A lovely, soft morning here on San Francisco Bay. I have been sitting out in the garden, partially shaded by a large, green beach umbrella and feeling the warm sun on my bare feet. The garden and our apartment are at the back of the building, so it’s like living in the middle of a square city block, a refuge from this increasingly horrific world. It’s good to get away once in a while, to notice the bees buzzing around the flowers, the humming birds flitting by with a flash of iridescent green. One delicate pink flower that looks as though it should be waving in a mountain meadow, is the bloom of a succulent. When the sun is on it, it actually glows. I’ve no idea what it’s called. A bit to the right, I’m presented with an intricate web constructed between two dried up spider plant blossoms. Again, I’m ignorant of the genius that created it. Not an orb spider, that’s all I know.
It’s a good time to be thinking about flowers and spiders and such, but of course I can’t for long. I’m reading an interview with Tony Schwartz, ghostwriter of Donald Trump’s The Art of the Deal, in the latest New Yorker. Wow, what a reality check! In his interview by Jane Mayer, Schwartz, who was previously a well-regarded journalist, admits that he “put lipstick on a pig”–sold out for money when he wrote the book. Once Trump’s campaign for President began to look serious, Schwartz felt he had to speak out:
“Trump has been written about in a thousand ways from Sunday, but this fundamental aspect of who he is doesn’t seem to be fully understood,” Schwartz told me, “….And that is that it’s impossible to keep him focussed on any topic, other than his own self-aggrandizement, for more than a few minutes, and even then…” Schwartz trailed off, shaking his head in amazement.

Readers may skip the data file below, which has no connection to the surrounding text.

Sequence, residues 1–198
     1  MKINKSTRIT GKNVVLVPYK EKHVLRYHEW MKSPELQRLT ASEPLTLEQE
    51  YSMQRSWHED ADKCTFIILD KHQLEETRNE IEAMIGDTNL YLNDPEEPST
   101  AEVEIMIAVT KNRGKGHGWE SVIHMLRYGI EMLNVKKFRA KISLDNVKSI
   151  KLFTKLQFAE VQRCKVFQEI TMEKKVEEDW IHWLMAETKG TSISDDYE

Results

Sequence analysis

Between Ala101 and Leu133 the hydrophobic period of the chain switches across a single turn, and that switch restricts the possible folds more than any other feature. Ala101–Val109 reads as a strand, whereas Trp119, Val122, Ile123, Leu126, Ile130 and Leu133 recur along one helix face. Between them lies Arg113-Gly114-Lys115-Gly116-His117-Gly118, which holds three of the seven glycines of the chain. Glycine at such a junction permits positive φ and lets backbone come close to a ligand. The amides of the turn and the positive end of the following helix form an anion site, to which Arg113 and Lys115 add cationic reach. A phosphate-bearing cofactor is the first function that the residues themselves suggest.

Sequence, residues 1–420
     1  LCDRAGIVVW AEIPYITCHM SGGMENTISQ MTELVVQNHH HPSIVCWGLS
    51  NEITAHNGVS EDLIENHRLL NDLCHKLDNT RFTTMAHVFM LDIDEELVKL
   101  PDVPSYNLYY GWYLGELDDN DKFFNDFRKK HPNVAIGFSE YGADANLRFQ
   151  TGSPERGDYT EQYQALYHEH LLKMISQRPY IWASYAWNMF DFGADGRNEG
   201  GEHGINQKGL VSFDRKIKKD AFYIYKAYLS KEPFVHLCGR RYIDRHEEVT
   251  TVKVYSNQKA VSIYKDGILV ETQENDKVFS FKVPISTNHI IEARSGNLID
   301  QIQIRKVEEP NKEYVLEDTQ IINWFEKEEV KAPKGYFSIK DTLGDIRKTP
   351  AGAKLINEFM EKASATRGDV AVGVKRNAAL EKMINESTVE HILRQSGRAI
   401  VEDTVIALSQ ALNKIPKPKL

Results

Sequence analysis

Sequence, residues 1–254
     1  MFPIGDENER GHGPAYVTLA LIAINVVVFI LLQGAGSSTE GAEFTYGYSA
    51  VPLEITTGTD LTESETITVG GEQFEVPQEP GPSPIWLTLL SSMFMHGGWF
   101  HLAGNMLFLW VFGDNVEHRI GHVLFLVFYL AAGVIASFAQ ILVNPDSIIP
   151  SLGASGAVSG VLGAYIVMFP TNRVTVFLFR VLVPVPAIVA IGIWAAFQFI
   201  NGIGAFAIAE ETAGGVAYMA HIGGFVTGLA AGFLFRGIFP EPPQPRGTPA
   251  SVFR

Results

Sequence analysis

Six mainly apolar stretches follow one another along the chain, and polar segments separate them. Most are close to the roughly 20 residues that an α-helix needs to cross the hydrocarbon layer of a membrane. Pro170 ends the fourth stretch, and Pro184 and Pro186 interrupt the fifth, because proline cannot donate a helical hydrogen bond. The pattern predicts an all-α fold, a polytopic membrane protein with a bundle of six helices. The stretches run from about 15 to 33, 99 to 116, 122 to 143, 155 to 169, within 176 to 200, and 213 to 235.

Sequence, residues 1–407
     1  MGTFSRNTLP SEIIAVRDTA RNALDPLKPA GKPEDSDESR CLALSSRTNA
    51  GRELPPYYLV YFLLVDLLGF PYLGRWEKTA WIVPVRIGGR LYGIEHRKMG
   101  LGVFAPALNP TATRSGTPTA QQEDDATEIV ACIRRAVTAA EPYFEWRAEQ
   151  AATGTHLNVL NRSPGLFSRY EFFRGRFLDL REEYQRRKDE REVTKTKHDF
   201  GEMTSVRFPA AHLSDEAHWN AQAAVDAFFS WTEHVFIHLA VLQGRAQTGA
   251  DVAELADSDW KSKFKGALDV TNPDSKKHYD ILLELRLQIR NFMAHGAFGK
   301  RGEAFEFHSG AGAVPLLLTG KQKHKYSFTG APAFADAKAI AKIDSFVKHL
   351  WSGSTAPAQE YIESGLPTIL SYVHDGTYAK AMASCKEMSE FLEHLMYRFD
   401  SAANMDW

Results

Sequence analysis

Later in the article, he expands on this theme:
“I created a character far more winning than Trump actually is.” The first line of the book is an example. “I don’t do it for the money,” Trump declares. “I’ve got enough, much more than I’ll ever need. I do it to do it. Deals are my art form. Other people paint beautifully on canvas or write wonderful poetry, I like making deals. That’s how I get my kicks.” Schwartz now laughs at this depiction of Trump as an artisan. “Of course he’s in it for the money,” he said. “One of the most deep and basic needs he has is to prove that ‘I’m richer than you.'” ….He saw Trump as driven not by a pure love of dealmaking but by an insatiable hunger for “money, praise, and celebrity.”
From a man who spent eight months dogging Trump’s footsteps, listening to every business phone call, and keeping his real thoughts to himself in a personal journal, it’s a pretty frightening story. Nothing in Trump’s campaign, or, more particularly, in his speech accepting the nomination, does anything to contradict Schwartz’s portrait.
Enough! I’m going back to the garden.